Common to all Monotrons, the ribbon triggers a simple on/off envelope that produces an audible click, which is especially noticeable when the filter is partially closed. This aside, two oscillators plus a rasping resonant VCF offer bigger solos and stabs than any pocket synth has a right to. The oscillators' square waves are distinctly hollow, separating the Duo tonally from both other Monotrons and, experimenting with cross-mod amounts and tuning, I discovered drones of a gritty, almost didgeridoo-like quality. The auxiliary input is once again present, so that external sources can be filtered. This is ideal for adding resonance to the Delay model, should you own both.
There's something very endearing about the whole Monotron range, and it's hard to imagine the newcomers won't be snapped up in large numbers. For example, within just a few minutes of switching on the Monotron Delay, I had resolved to keep it. I'm a sucker for delay effects generally but, given that this is an inexpensive, battery-powered synth with a freaky, degrading delay built in, I don't think I'll be the only one hooked. The combination of a pitch-sweeping delay and feedback that reduces every source to a rough, noise-like mulch creates a strangely unique and beautiful lo-fi instrument. The Delay is equally useful for processing the other Monotrons, and even though it's the noisiest of the bunch, I didn't personally see this as unpleasant. There's always the low-pass filter to tame the hiss a little, but for cosmic sound effects, think of it as adding atmosphere.
For more conventional performance, the Duo is intended to slot in. You might have to record in stages if your melodies stretch beyond an octave, but being able to quantise the ribbon to recognised scales is the Duo's trump card. Ironically, it might still be the one that's most overlooked, but it has its own charm, thanks to its filter and screeching cross-modulation. Of all the Monotrons, it is the one that improves most dramatically when you switch to full-sized speakers and external effects.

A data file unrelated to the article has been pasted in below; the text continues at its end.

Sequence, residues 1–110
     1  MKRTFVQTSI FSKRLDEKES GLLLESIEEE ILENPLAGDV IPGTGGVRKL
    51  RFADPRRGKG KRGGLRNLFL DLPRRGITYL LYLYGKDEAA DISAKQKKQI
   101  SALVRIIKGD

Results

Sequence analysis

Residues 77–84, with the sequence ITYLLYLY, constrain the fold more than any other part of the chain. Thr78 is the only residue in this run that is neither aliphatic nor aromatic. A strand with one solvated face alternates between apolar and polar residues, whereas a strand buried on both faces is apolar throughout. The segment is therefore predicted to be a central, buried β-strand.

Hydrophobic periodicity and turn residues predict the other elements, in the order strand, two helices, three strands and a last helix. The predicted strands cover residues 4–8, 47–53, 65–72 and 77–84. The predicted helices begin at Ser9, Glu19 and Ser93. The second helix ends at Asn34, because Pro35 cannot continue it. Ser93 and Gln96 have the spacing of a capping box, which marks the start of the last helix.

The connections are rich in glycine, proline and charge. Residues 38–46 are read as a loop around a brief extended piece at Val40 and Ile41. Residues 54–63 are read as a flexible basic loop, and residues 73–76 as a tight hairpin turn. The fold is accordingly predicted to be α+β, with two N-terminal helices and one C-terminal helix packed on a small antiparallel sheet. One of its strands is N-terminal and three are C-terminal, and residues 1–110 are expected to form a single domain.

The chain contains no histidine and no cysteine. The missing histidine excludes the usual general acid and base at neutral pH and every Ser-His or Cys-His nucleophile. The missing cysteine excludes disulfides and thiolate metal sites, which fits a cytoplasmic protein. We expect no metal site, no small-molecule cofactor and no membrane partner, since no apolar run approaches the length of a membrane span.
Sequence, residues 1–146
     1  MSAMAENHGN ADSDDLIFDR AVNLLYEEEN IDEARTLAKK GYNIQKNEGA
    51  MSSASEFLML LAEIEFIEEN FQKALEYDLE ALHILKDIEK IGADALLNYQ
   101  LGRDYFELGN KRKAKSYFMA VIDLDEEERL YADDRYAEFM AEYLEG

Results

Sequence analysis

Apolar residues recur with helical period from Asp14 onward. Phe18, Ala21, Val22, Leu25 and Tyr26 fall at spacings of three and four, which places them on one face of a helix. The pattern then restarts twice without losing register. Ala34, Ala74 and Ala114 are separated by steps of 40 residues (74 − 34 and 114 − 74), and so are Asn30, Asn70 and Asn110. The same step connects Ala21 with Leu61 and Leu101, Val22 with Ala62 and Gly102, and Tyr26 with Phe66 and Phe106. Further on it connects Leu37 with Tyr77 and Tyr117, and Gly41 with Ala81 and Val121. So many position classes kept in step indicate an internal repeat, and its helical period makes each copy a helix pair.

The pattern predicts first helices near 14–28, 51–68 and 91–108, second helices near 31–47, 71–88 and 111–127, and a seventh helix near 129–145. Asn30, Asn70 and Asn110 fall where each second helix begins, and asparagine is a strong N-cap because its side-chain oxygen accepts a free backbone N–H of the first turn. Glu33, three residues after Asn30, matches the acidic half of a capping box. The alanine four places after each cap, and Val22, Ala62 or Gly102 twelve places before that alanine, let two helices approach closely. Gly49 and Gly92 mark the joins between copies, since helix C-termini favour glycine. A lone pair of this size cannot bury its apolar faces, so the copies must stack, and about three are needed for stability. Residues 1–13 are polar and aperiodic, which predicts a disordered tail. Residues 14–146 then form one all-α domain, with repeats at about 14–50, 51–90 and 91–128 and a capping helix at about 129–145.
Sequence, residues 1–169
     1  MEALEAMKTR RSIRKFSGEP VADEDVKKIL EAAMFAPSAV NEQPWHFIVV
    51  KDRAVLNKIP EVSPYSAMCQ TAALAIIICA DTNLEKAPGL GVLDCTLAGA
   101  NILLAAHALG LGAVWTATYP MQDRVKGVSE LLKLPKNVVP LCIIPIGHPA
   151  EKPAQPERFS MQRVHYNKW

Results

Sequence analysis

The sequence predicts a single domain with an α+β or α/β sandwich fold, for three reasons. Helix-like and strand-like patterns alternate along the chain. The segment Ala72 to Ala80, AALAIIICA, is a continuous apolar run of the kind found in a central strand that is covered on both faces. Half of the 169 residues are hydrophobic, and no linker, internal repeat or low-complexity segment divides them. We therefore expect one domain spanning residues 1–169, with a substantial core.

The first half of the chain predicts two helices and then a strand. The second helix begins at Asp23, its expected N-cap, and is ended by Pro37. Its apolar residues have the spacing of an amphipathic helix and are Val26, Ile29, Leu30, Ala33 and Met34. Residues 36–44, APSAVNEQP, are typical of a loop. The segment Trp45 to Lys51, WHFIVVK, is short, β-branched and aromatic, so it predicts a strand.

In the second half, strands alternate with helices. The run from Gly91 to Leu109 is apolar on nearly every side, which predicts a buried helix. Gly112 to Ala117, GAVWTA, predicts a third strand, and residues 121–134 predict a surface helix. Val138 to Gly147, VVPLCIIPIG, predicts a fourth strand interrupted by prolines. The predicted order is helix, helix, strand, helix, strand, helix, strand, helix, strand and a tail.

Being analogue, these new Monotrons will probably be modified as widely as the original — an option denied to purchasers of far more expensive virtual analogues, I can't resist pointing out. In just over a year, Korg have upgraded their status from 'experimentally dipping a toe back in the analogue pool' to 'number one Japanese analogue synth manufacturer'. This has a nice ring to it and with that last thought, I'm going to dare to hope that the next surprise will be even bigger!
The only Monotron alternative that comes to mind is the Gakken SX150, although I've never seen one personally. It's also inexpensive and Japanese but supplied as a self-assembly kit, so it's something to experiment with if you're into hacking and modifying gear, but of less general appeal than the Monotrons.
- A Monotron you can actually play.
- It's another battery-powered analogue synth you can take anywhere.
- It's also great value.
- Cross modulation mines new seams of weirdness.
- External signal input for the resonant filter.
- It's a shame not to give it UV paint too.
An instant source of UFO noises, space crickets and phasers that also doubles as a portable processor for other Monotrons. At the price, irresistible!